P-Comp: Sine Wave of Doom AKA the Poser Theremin

In this week’s lab, we learned about Serial Duplex and continued to learn more about how to get Arduino and Processing to talk to each other.

In my spin on the lab, I hooked up 2 potentiometers through the Arduino to control the frequency and panning of a sine wave in Processing that is manifested on screen and as audio.  I don’t know why I chose red and blue for the sine waves.  Maybe I’ve been watching too much TV coverage of the presidential campaign.  In any case, the effect is that of a sine wave of doom or a poser theremin.

To get Processing to play sound, I used the Minim library.  I basically poached some example code from the Minim site and tweaked it so the sound responds to analog ins from the Arduino instead of mouseX and Y in the original sketch.

IMG_4826

I hope to use more exciting sensors later on to make it more expressive and musical when I get back from fall break next week, but it took me awhile to tweak the software side of things and the computer store was already closed by the time I got around to this. Here it is in action:

My digital camera didn’t pick up the audio very well, so here is an MP3 of some “music” I made.  And here is another attempt.

And finally, here is the Processing code:

import processing.serial.*;     // import the Processing serial library
import ddf.minim.*;
import ddf.minim.signals.*;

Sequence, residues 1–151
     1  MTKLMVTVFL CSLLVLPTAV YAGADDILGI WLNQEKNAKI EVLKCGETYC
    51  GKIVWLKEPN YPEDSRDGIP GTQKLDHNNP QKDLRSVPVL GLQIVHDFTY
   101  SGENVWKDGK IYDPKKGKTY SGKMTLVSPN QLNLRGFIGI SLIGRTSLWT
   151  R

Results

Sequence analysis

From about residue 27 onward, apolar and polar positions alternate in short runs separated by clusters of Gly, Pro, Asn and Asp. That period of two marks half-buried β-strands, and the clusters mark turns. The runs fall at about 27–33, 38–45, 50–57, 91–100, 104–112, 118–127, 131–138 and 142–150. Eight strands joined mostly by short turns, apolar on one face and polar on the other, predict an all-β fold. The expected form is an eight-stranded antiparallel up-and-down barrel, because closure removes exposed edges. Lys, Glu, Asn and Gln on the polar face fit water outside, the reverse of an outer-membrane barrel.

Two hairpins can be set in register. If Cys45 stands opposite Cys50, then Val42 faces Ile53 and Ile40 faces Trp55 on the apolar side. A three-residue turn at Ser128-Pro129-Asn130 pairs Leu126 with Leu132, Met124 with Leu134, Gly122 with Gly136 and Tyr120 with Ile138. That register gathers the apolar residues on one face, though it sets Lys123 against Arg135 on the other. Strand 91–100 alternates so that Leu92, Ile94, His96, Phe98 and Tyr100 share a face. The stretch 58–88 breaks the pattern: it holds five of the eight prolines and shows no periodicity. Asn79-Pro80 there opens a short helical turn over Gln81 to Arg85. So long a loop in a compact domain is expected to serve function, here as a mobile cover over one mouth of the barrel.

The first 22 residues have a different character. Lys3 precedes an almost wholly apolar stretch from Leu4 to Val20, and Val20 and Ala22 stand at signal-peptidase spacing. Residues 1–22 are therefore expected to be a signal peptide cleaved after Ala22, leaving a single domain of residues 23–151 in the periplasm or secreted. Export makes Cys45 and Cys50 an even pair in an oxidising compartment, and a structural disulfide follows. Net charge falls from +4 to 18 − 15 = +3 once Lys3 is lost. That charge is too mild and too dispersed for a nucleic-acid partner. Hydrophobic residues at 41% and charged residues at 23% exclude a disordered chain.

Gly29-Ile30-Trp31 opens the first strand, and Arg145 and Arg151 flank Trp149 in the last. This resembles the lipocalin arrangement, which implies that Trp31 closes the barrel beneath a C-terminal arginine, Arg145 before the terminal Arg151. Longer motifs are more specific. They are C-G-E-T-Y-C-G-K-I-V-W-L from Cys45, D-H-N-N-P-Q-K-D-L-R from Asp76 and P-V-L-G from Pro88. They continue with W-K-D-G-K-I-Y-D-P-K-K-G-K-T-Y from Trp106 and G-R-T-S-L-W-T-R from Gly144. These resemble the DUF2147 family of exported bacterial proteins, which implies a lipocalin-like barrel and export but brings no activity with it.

Serial myPort;                  // The serial port
AudioOutput out;
SineWave sine;
int sensors[] = new int[2];

int passX;
int passY;

void setup(){
myPort = new Serial(this, Serial.list()[0], 9600);
myPort.bufferUntil(‘\n’);
size(512, 200);
// always start Minim before you do anything with it
Minim.start(this);
// get a line out from Minim, default sample rate is 44100, bit depth is 16
out = Minim.getLineOut(Minim.STEREO, 512);
// create a sine wave Oscillator, set to 440 Hz, at 0.5 amplitude, sample rate 44100 to match the line out
sine = new SineWave(440, 0.5, 44100);
// set the portamento speed on the oscillator to 200 milliseconds
sine.portamento(200);
// add the oscillator to the line out
out.addSignal(sine);
passX = 0;
passY = 0;
}

void draw()
{
background(0,50);
stroke(255);
// draw the waveforms
for(int i = 0; i < out.left.size()-1; i++)
{
stroke(#FF0000); //left is red
line(i, 50 + out.left.get(i)*50, i+1, 50 + out.left.get(i+1)*50);
stroke(#0023FC); //right is blue
line(i, 150 + out.right.get(i)*50, i+1, 150 + out.right.get(i+1)*50);
}
float freq = map(passY, 0, 1023, 1500, 60);
sine.setFreq(freq);
// pan always changes smoothly to avoid crackles getting into the signal
// note that we could call setPan on out, instead of on sine
// this would sound the same, but the waveforms in out would not reflect the panning
float pan = map(passX, 0, 1023, -1, 1);
sine.setPan(pan);
}

void stop()
{
out.close();
super.stop();
}

void serialEvent(Serial myPort)
{
// read the serial buffer:
String myString = myPort.readStringUntil(‘\n’);
myString = trim(myString);
int sensors[] = int(split(myString, ‘,’));
for (int sensorNum = 0; sensorNum < sensors.length; sensorNum++)
{
// print(“Sensor ” + sensorNum + “: ” + sensors[sensorNum] + “\t”);
}
passX = sensors[0];
passY = sensors[1];
//println();
//print(“PassX= ” + passX + “, PassY= ” + passY);
//println();

}

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leesean

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